By DAVE SCHEIBER, Times Staff Writer
Published August 5, 2007
Is there a misconception that concussions result in a player being knocked out?
Dr. Mickey Collins of the University of Pittsburgh Medical Center, ImPACT coordinator for baseball: "Absolutely. Only 10 percent of concussions will include a loss of consciousness. Certainly some of the most severe injuries we see occur when the athlete doesn't lose consciousness. We found that memory loss around the time of the incident may be up to 10 times more predictive of outcome than people who briefly lose consciousness."
Any other common misconceptions?
Collins: "CT scan/MRIs are always going to be normal with the injury. Those tests are very important to rule out more serious problems, like a skull fracture or a bleed. But the injury is a functional, neurochemical blood flow, metabolic injury. It's not a structural brain injury. So we can't see it when we look at the structure of the brain. It's when we put the brain to work that you see it. That's why we developed ImPACT (Immediate Post-Concussion Assessment and Cognitive Testing). It's a tool that allows us to give the brain a physical. It puts the brain to work and doing that allows us to see its functional deficits. And we can track and monitor recovery by accessing that data over time."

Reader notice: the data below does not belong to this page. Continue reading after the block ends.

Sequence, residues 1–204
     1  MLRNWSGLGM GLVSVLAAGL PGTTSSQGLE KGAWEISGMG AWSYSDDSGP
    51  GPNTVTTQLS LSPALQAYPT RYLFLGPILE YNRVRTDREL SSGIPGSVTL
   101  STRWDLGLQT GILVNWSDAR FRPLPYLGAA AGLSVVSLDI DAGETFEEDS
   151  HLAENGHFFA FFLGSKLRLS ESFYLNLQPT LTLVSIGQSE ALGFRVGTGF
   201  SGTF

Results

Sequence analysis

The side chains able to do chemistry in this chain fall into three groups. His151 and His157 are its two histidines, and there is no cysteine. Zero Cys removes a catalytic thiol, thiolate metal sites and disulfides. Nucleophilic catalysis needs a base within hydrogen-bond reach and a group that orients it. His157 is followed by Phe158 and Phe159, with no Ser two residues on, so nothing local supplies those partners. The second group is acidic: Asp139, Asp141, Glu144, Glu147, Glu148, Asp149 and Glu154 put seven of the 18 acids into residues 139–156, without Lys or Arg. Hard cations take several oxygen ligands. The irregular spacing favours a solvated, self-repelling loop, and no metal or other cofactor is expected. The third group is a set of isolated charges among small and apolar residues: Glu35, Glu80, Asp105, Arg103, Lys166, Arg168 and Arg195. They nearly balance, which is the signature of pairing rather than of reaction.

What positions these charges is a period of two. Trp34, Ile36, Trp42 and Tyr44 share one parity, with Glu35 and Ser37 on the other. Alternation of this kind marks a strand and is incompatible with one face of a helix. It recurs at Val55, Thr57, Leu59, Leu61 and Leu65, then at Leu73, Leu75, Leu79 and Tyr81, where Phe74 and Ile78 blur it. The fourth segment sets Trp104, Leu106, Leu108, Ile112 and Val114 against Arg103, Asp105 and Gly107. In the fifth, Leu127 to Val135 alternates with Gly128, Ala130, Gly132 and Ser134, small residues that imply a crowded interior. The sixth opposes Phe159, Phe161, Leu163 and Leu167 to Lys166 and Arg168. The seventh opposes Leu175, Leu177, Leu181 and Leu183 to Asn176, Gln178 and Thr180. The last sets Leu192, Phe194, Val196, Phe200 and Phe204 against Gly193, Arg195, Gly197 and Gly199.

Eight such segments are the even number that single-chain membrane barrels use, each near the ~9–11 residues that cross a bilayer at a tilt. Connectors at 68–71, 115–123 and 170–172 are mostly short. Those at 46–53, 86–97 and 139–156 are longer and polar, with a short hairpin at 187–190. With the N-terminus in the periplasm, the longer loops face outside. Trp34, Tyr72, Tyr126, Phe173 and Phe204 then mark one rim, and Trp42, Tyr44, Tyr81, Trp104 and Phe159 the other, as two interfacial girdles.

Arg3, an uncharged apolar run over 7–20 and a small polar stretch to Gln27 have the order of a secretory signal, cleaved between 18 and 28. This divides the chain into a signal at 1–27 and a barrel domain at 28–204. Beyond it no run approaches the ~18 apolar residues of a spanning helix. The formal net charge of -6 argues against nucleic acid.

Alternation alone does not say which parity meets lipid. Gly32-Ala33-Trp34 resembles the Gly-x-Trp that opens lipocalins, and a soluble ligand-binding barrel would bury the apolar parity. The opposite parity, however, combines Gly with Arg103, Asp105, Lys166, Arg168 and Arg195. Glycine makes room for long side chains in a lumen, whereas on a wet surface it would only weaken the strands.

How did the NHL approach the issue?
Lightning head trainer Tom Mulligan: "What the league adopted in the late '90s was a leaguewide concussion protocol and they were pretty proactive on that. They knew it was a major problem in the league and that was the first year they started with the baseline testing. So at that time, every player signed to an NHL contract had to go get a neuropsychological baseline test. They were in a large data base and if they suffered a concussion in the future, they were retested to compare the results and see if there any deficits. Then the following season they'd get rebaselined to see where they were at."
What innovations would you like to see?
Dr. Johnny Benjamin, director of Medical Specialty Procedures Surgery Center, Vero Beach, has worked with light heavyweight champion Antonio Tarver and many other boxers: "If you look at Peyton Manning's helmet, it comes down lower than jaw line. Part of the problem is taking a punch to chin. As we've seen with boxers, a guy who takes a punch to the chin goes down. It's the same with a football player. A key brain stem lives behind the jaw, and controls many functions of the body. So helmets should protect below the chin."